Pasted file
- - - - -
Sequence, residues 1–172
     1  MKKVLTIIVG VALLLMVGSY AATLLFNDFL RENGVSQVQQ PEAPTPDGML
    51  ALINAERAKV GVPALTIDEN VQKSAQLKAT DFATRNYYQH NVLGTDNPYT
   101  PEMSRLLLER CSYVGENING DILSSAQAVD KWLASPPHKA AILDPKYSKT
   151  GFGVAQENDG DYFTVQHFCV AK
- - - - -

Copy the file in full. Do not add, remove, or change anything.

Sequence, residues 1–172
     1  MKKVLTIIVG VALLLMVGSY AATLLFNDFL RENGVSQVQQ PEAPTPDGML
    51  ALINAERAKV GVPALTIDEN VQKSAQLKAT DFATRNYYQH NVLGTDNPYT
   101  PEMSRLLLER CSYVGENING DILSSAQAVD KWLASPPHKA AILDPKYSKT
   151  GFGVAQENDG DYFTVQHFCV AK